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Emmett Till & Trayvon Martin

by Gladys W. Muturi about a month ago in racial profiling
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Two young black boys whose murders sparks the movement.

Emmett Till & Trayvon Martin

Two young teenage African American boys from different states and different time eras. Fifteen-year-old Emmett Till was staying with his relatives in Mississippi until two white men abducted him in the middle of the night, tortured and lynched at the Tallahatchie River and Seventeen-year-old Trayvon Martin was staying at his father's place in Sanford, Florida. At night, he was going to the store when he was about to return home after until he followed by a neighborhood watchman. These two teenaged boys murders sparked a lot of attention in the black communities and sparked movements. From Civil Rights Movement to Black Lives Matter Movement. These are the stories of Emmett Till and Trayvon Martin.

Emmett Till

Emmett Till

Emmett Till was born on July 25, 1941 in Chicago, Illinois to his parents Louis and Mamie Till. Till grew up in a middle class Black neighborhood on the South side of Chicago where everything was black owned. When Till was young, her parents split up after his father was having an affair. Mamie obtain a restraining order against him after Louis tried to strangle her for leaving. Till never got a chance to know him nor ever seen him.

Emmett Till and his mother Mamie Till-Mobley

Till is an only child in the family. When he was 5, he was stricken with polio causing him to slight stutter. He attended James McCosh Elementary School. According to Mamie and his family members, he was a happy jokester kid. Him and his cousins would usually pull pranks on each other. Sometimes he would pull pranks on his mother but he loves her truly.

Trayvon Martin

Trayvon Martin

Trayvon Benjamin Martin was born on February 5, 1995 in Miami, Florida to his parents Sybrina Fulton and Tracy Martin. His parents divorced when he was four years old. After their divorced, Tracy married Alicia Stanley, who had two daughters from a previous marriage. Tracy and Stanley have been married for 14 years until they separated. When Martin was nine years old, he saved his father's life by pulling his father, who had been immobilized by burns to the legs, out of a fire in their apartment.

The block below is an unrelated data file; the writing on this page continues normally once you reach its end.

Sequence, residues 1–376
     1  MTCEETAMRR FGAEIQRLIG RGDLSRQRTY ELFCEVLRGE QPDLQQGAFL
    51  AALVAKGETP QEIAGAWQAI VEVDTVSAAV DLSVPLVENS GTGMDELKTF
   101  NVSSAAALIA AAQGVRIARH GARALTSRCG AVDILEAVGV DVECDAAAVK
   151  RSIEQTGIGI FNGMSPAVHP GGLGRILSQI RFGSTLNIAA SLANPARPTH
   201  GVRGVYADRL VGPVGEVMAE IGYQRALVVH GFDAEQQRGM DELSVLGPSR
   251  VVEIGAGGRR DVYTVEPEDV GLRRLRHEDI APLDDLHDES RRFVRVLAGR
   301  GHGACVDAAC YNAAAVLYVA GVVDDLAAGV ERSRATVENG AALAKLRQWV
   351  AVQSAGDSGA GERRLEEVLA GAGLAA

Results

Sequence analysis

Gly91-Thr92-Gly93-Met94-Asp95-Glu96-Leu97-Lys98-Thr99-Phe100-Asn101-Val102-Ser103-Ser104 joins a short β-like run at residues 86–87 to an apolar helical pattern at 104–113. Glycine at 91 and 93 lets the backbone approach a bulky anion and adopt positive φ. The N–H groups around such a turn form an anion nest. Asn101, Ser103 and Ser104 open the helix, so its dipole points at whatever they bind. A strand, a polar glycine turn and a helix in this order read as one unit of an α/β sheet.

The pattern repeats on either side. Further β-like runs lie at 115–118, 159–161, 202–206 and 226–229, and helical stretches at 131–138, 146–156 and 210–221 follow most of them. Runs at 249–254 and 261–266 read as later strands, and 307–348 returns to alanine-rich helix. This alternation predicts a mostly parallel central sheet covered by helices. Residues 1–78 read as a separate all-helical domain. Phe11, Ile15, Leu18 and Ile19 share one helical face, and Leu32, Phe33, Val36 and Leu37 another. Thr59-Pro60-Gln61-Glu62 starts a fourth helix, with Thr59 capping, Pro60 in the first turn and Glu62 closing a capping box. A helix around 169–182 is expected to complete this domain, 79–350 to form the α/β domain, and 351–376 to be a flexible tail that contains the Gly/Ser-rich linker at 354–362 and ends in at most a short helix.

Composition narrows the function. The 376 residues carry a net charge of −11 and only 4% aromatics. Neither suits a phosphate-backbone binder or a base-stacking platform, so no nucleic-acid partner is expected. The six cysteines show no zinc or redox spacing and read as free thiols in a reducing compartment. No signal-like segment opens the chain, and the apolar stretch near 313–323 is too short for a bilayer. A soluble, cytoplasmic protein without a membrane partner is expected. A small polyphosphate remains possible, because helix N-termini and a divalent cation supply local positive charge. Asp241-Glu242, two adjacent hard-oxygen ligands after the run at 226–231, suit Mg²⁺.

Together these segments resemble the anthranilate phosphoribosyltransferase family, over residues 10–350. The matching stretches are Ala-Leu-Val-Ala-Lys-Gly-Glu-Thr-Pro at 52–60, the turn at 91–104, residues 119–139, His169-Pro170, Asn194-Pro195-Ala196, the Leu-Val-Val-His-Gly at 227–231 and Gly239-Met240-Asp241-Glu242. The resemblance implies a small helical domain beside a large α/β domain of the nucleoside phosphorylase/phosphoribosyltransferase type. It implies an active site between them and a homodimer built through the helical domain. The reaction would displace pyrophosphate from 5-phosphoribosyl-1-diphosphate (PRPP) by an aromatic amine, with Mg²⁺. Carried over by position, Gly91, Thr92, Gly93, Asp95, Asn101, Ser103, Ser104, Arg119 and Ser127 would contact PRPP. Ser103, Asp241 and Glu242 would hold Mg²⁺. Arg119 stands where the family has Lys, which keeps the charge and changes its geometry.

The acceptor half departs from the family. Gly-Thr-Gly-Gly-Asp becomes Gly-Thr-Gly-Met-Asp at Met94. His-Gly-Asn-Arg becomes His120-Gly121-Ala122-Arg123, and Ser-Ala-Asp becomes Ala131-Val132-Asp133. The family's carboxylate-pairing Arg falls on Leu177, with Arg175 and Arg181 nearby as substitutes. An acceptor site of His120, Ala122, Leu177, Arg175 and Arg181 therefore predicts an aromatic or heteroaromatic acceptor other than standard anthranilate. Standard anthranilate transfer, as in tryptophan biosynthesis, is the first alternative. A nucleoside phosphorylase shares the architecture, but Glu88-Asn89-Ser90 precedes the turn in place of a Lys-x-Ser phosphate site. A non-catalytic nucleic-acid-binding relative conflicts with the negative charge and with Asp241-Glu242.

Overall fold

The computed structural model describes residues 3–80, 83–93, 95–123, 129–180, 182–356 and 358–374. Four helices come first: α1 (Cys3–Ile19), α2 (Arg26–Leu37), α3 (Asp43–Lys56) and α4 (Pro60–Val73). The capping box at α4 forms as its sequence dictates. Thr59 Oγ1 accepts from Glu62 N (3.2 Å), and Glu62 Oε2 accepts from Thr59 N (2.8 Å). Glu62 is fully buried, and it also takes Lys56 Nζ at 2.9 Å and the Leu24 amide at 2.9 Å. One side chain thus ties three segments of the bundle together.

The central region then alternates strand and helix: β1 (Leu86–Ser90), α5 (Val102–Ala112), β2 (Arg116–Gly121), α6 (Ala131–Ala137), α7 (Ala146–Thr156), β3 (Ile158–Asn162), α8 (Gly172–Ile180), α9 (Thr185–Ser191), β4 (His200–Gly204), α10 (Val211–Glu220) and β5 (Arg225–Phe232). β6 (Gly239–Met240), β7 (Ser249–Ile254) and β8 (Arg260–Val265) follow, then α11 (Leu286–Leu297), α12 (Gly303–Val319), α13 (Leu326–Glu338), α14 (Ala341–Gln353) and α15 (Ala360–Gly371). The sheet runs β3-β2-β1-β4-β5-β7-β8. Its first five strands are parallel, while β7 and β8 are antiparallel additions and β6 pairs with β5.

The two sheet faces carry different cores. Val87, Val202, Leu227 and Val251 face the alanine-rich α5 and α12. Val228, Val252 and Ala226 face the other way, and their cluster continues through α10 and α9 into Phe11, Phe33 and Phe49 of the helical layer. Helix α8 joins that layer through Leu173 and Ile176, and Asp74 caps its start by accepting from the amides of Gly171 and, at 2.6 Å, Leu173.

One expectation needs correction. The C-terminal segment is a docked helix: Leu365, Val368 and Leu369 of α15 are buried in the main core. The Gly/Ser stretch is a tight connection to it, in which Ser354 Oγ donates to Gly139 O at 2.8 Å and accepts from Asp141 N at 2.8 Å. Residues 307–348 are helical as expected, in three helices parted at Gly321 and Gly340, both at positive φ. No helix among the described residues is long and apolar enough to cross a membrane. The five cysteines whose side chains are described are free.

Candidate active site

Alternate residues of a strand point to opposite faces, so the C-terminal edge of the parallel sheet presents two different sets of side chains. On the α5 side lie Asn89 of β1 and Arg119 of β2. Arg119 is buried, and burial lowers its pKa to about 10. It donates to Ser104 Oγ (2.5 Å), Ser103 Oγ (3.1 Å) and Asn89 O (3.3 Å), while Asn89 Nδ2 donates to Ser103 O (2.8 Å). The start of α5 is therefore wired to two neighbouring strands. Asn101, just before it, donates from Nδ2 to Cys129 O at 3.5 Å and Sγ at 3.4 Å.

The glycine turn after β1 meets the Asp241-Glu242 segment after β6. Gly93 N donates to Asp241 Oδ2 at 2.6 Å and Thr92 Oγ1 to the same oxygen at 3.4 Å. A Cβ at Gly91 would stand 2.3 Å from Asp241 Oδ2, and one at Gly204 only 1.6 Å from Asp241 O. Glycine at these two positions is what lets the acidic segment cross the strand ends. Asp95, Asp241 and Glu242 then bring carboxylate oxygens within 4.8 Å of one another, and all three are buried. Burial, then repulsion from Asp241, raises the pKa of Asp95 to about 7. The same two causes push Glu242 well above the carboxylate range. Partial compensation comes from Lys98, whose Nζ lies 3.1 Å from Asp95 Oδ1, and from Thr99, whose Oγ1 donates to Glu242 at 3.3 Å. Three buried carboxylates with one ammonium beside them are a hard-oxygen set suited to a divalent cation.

Martin has enjoyed teenage years before his death. He played sports video games, skilled at fixing bikes, and making his own money like babysitting, washing cars, and cutting grass. Martin had played football at the park since he was five years old and his team was coached in part, by his father. During his years in high school, Martin volunteered at Forzano Park, working in the concession stand, sometimes staying until 8 or 9 p.m., before going home. Martin's former football coach said he was a shy child and always walked with his hoodie and headphones on listening to music. When Martin started high school, his goal of playing professional football was put aside in favor of a career working with airplanes. Martin attended Carol City High School in Miami Gardens for his freshman year and most of his sophomore year, before he transferred to Krop High School in north Miami-Dade in 2011. While in his first year at Carol City, Martin attended classes in the mornings at the high school and then went to George T. Baker Aviation School for the rest of his school day. Martin's ninth-grade teacher, who taught him three classes of Aerospace Technology at the Baker Aviation School, said he was a normal student, well-behaved, who passed all his classes. According to another teacher at Carol City, Math was his favorite subject, and she said she never saw Martin show disrespect. Before his murder, Martin hoped he attended University of Miami or Florida A&M University after he graduates high school.

Before their deaths

In August 1955, Till's great uncle, Moses Wright, came up from Mississippi to visit the family in Chicago. At the end of his stay, Wright was planning to take Till's cousin, Wheeler Parker, back to Mississippi with him to visit relatives down South, and when Till, who was just 14 years old at the time, learned of these plans, he begged his mother to let him go along. At first, Mamie was hesitant about him going to Mississippi and had other plans for Emmett. She was planning on traveling to Omaha, Nebraska, and tried to convince her son to join her with the promise of open-road driving lessons. But Till wanted to go to Mississippi with his uncle and by his cousin Wheeler. Mamie had no choice and made the decision to let Emmett go but warned Till not mess with white folks in Mississippi. Before Emmett left to Mississippi, Mamie Till gave her son his late father's signet ring, engraved with the initials "L.T." The next day she drove her son to the 63rd Street station in Chicago. They kissed goodbye, and Till boarded a southbound train headed for Mississippi. It was the last time they ever saw each other. Trayvon Martin was staying at his fathers place visiting his brother and stepmother.

August 28, 1955